Quest for Glory V: Dragon Fire

Review by Kristophe
March 2006

"Game publishing decisions are being made by marketing research and committees. No one seems to be saying 'How do we entertain people in a way that no one has seen before?' Companies are competing based on 'Who has the prettiest graphics?' instead of on 'Who can build a game that is incredibly fun to play?'" Sierra Founder/CEO, Ken Williams, Adventure Classic Gaming interview dated March 28, 2006.

Those very thoughts were the mainstay of Sierra's gaming and business philosophy ever since Ken Williams started On-Line Systems (later to become Sierra Online) back in 1979. It was a philosophy that would produce some of the finest games ever made, from the earliest, Mystery House (1980), all the way through to S.W.A.T. 3 (1999). Of all the Sierra classics (and I've played almost all of them at one time or another), it was the Quest for Glory series of games—authored by the very talented team of Corey and Lori Cole—that I most dearly loved. And, needless to say, of the five games that comprised the Quest for Glory series, it was Quest for Glory V: Dragon Fire that proved to be (in my opinion) the best of the best (unfortunately, it was also slated to become the last game of the series as well).

The game opens with you as the ever-wandering "Hero" (you can play either as a thief, a magic user, a fighter, or a paladin) being summoned by your old friend (the wizard Erasmus) to Silmaria, nestled within the enchanting island of Marete, where turmoil and trouble abound. It seems that the King of Silmaria was recently assassinated, Marete is under both foreign invasion and involved in a war with the Tritons, and a number of related and sinister events have or will be occurring. These events indicate some really dastardly and nefarious plans are underway even as you and a few other heroes get ready to compete in the Rites of Rulership—a series of tasks that will determine just who the next king of Silmaria will be. And if that wasn't enough to daunt most heroes, in this particular game the designers decided you'd been a bachelor for too long and are doing their level best to "hook you up" with a bride.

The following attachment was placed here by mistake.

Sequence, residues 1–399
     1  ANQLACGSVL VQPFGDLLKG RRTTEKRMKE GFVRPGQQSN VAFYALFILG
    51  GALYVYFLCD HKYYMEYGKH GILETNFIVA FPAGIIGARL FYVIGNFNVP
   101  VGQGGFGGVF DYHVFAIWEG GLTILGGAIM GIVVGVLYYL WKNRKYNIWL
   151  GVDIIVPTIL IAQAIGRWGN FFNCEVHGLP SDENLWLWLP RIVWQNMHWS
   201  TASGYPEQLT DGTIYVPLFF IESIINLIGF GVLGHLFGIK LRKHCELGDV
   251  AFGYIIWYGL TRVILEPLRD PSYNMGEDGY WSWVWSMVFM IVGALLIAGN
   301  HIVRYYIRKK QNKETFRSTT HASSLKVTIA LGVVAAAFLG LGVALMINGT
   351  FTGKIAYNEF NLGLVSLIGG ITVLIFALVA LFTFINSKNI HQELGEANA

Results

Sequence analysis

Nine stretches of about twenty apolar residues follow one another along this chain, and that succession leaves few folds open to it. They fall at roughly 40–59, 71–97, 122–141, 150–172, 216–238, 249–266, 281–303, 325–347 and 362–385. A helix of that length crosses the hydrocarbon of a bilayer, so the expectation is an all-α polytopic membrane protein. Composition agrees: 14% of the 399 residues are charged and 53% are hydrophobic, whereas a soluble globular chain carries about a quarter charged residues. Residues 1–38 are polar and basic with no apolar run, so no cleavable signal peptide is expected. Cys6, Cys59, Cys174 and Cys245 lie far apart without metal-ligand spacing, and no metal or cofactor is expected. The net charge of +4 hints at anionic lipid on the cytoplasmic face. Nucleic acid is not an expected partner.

One of the nice things about any of the Sierra classic series of games is the fact that you do not have to play through the entire series to get a feel for the games. The Quest for Glory series is typical of the kind of games Sierra put out—the graphics would hardly be called "top-notch" by any stretch of the imagination when compared to the kinds of graphics we see in the Elder Scrolls IV: Oblivions of today; however, the excellent storyline, memorable characters, and capricious humor—coupled with some minor new innovations (e.g., swimming and pickpocket skills were unique to the game, while the skills of "weapon use/parry and dodge" were simplified to "offense" and "defense") and finalized with its legendary musical soundtrack as composed by Chance Thomas and performed by the Salt Lake City Session Orchestra (and a few other musicians)—more than make up for anything the graphics lack. And while the musical score is legendary, the same (unfortunately) could hardly be said for the voice acting (of course, there wasn't a "Voice Actor's Guild" back in those days, either). Compounding some of the technical issues with the game are poor camera control with no zoom feature (which can be very critical to a point-and-click type of game) and the lack of any kind of quest log to remind you where you left off in your last play session.